In Hebrew school, I read Pirke Avot, the ethical debates of the rabbis or fathers: Akiva, Hillel, Gamaliel, other early figures, Maimonides and some of the mediaeval sages. To me, the Bible was just mythology because I had a secular mindset and was an agnostic. I found the rabbis and their debates were interesting, but to me it was just an important tradition. I celebrated the holidays, and Scripture was read on those occasions, and Passover especially, which for me was an important and beautiful family tradition.

"Whenever you read the Bible, ask the simple questions. Who? What? Where? When? How? Why?"

When I became an undergraduate at Miami University in Oxford, Ohio, I started to attack the Scripture, as a sceptic, because I was challenged by Evangelicals. My first real reading of the whole Bible was through the lens of Evangelical Protestantism. In studying the history of the Bible, I became convinced that it was historically reliable, and that Jesus had risen again from the dead. So, I became an Evangelical Protestant. I read every book of the Bible twice during the second semester of my freshman year at college, including the seven deuterocanonical books—1 Maccabees, 2 Maccabees, Baruch, Tobit, Judith, Sirach, and Wisdom—that Catholics use but Protestants do not. I began reading the Bible in the way that learning as an Evangelical: at the literal level. Indeed, I still stick with this method, believe it is the foundation, and teach it to my seminarians. Whenever you read the Bible, ask the simple questions. Who? What? Where? When? How? Why? If you interrogate the text and try to find answers to those questions, you are going to get a lot out of Scripture.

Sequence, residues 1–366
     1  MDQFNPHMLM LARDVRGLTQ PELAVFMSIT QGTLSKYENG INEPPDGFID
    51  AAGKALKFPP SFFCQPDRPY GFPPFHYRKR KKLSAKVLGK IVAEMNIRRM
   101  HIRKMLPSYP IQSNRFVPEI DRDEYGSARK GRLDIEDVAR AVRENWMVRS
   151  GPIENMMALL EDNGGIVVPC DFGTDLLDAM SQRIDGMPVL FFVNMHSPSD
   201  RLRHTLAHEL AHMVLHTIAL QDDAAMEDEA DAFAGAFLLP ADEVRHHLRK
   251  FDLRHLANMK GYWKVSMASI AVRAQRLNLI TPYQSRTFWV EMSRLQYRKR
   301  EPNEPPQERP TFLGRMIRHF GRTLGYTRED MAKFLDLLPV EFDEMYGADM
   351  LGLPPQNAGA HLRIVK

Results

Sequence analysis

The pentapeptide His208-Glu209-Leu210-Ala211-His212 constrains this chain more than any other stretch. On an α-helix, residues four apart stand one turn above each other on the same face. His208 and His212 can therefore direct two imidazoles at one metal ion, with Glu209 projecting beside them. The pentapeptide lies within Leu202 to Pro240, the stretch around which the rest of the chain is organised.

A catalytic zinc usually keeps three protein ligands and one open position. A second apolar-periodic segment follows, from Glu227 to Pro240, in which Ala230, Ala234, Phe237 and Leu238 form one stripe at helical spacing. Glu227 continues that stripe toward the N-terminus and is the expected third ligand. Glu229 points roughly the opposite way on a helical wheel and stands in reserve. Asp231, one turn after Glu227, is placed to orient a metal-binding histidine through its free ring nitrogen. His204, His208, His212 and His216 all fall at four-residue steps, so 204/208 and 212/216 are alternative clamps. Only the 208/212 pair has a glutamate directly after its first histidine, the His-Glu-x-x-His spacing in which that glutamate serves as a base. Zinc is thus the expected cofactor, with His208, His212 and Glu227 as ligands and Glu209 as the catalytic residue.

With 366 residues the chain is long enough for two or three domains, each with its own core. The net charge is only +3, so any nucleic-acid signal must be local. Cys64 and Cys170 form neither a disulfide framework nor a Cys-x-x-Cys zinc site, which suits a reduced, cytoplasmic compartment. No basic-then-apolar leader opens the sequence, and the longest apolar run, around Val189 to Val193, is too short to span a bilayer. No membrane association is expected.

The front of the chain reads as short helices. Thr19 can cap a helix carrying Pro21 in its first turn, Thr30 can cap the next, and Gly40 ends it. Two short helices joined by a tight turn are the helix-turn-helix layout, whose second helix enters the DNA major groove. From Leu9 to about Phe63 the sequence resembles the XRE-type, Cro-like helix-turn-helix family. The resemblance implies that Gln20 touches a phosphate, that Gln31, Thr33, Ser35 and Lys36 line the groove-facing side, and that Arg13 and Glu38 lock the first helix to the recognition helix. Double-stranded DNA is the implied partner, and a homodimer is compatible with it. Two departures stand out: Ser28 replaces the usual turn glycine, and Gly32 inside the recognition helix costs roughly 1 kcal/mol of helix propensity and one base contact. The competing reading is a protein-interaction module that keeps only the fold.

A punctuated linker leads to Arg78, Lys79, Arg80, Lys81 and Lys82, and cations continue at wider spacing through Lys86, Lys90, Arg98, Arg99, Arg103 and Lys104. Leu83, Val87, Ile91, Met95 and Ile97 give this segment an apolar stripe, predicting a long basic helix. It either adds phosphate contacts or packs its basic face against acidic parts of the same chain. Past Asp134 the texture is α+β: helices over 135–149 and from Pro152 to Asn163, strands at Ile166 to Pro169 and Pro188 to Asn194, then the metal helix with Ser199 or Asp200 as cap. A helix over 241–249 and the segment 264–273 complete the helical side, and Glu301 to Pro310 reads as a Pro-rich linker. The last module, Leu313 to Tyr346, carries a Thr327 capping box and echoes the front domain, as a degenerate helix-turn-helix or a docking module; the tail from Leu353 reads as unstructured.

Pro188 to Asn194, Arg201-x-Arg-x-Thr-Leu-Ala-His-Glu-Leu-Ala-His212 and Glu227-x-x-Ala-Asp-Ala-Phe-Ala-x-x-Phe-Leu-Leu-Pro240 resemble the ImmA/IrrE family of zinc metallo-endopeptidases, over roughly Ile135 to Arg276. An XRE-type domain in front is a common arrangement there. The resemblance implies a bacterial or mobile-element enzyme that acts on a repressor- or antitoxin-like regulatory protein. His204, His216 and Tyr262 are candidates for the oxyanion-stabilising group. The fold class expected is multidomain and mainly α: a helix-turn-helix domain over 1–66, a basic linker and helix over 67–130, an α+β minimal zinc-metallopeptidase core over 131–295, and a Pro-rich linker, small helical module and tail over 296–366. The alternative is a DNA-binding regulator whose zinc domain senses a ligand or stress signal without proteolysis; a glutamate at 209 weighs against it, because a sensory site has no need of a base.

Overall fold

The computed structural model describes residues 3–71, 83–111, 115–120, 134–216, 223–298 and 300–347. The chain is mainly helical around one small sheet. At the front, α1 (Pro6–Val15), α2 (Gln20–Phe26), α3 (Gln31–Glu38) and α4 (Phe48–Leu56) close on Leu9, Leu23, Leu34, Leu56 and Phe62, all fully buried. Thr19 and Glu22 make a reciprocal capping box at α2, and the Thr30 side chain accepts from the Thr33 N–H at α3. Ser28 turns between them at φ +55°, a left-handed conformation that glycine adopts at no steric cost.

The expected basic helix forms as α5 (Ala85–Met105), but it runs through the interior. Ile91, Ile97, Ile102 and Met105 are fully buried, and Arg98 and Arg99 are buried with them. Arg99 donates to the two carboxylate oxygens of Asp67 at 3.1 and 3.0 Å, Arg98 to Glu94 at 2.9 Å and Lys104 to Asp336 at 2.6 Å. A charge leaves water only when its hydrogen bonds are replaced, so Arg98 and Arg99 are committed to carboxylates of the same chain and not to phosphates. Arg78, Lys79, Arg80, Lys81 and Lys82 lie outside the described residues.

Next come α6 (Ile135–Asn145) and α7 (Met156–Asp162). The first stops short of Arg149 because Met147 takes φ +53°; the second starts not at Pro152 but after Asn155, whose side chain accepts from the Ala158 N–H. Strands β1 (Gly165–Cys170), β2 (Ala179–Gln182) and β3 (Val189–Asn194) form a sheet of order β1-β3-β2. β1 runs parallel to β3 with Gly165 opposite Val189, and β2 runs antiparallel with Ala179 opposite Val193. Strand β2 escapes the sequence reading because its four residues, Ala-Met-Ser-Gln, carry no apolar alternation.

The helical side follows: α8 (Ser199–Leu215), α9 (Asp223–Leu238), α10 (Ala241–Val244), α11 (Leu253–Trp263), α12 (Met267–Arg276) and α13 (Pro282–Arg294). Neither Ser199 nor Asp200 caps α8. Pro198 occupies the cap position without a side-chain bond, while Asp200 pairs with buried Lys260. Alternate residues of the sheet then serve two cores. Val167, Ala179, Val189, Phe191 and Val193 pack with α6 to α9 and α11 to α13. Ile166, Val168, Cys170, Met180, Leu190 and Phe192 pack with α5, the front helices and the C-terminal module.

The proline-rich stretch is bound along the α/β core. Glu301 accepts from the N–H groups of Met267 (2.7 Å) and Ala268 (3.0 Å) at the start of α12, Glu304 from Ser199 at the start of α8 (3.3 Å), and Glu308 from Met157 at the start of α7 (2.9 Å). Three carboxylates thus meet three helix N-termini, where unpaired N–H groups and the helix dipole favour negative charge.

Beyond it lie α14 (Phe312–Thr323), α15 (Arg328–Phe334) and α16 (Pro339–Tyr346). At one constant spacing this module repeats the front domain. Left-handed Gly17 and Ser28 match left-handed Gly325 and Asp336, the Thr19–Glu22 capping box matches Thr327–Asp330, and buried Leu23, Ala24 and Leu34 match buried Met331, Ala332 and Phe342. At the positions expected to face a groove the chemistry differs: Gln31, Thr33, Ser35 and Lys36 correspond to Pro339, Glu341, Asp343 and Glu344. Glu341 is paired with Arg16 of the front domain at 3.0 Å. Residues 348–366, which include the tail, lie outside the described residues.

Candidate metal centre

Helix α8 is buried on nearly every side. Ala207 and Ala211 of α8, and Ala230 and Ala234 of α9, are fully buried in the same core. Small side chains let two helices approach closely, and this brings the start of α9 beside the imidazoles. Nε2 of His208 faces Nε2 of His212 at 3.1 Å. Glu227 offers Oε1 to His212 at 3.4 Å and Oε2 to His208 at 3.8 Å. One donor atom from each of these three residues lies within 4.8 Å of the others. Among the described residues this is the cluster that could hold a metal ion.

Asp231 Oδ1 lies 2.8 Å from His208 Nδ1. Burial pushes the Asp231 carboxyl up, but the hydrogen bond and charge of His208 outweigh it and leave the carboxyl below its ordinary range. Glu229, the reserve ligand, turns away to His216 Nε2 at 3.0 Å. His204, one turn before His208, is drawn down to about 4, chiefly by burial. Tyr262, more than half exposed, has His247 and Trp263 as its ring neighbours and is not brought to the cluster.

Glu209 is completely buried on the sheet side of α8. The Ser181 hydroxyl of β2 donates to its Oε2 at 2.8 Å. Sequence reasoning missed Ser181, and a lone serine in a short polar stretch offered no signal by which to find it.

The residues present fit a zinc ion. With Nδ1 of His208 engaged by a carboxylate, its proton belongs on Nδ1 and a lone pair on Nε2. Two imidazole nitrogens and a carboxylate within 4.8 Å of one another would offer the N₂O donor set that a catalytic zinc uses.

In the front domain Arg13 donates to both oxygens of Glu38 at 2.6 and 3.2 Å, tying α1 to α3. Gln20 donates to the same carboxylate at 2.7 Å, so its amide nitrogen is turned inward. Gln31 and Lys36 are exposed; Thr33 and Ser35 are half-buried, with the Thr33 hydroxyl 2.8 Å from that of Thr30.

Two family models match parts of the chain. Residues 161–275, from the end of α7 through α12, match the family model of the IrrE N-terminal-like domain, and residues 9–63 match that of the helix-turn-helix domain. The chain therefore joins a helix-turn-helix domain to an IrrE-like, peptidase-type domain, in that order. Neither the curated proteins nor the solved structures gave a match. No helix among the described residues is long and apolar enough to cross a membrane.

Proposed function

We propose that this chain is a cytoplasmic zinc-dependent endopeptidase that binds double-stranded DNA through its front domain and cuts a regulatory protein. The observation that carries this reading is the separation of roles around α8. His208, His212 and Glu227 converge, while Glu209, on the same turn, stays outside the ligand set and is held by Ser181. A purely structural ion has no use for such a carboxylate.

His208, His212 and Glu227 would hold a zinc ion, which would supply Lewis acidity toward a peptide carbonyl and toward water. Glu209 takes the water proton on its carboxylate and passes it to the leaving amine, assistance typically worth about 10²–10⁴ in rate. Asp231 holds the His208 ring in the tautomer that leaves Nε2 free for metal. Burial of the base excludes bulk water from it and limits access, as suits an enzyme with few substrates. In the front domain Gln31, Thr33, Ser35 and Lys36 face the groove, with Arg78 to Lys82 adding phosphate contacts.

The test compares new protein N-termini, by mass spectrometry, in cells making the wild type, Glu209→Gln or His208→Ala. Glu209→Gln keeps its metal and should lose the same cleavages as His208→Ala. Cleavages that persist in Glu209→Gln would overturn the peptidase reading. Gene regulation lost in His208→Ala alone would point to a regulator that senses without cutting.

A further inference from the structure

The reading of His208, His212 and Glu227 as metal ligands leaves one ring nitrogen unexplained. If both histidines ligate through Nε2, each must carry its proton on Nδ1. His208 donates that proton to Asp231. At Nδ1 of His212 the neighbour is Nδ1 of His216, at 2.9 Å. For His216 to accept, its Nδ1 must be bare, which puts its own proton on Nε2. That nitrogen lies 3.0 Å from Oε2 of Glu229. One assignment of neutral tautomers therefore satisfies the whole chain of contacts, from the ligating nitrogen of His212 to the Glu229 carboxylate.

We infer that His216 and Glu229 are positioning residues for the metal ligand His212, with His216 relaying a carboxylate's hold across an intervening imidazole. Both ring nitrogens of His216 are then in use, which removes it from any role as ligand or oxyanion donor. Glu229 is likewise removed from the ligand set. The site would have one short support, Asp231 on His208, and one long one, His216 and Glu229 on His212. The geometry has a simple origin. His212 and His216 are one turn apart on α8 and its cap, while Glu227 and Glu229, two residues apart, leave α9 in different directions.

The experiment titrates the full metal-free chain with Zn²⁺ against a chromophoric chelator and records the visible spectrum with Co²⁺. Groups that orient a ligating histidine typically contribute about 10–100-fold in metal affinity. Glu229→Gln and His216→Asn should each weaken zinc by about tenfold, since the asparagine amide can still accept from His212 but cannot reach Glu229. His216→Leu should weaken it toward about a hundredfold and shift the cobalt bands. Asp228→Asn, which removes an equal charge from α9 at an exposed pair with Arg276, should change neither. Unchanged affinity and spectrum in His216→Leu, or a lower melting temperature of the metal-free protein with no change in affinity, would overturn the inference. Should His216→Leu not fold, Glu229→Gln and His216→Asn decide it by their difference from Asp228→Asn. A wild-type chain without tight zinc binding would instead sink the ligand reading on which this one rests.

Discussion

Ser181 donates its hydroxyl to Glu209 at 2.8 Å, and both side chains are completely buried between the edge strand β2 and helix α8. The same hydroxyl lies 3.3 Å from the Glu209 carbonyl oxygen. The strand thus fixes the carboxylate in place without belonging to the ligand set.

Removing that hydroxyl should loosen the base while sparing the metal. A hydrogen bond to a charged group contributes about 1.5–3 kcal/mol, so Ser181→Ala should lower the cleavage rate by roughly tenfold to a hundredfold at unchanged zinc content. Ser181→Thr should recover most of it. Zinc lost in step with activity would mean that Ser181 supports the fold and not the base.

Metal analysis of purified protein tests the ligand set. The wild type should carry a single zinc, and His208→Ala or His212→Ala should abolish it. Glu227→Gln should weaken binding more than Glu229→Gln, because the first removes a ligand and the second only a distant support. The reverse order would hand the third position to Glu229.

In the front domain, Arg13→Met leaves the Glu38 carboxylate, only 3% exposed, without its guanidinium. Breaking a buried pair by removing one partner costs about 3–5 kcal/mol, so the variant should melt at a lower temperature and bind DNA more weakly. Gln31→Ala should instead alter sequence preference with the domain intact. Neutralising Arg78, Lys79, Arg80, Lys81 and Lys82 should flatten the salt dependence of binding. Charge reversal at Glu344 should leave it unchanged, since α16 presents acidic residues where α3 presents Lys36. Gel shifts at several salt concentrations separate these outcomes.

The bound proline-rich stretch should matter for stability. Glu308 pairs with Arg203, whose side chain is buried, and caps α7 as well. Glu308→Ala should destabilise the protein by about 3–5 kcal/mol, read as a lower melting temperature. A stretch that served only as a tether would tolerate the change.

" I became mystified by how much of the methods that I was learning in Graduate School, as a Catholic theologian in training, were the same sceptical ones that I had recognised as bankrupt during my conversion."

For me, the most important thing was to understand the Bible, what God was telling me, and how to live. Then, I became Catholic. By studying the Church Fathers, reading the Bible in its historical context, the encyclicals of St. John Paul II, who was pope at the time, and other texts, I began to understand the richness of the Catholic faith and the spiritual sense of Scripture.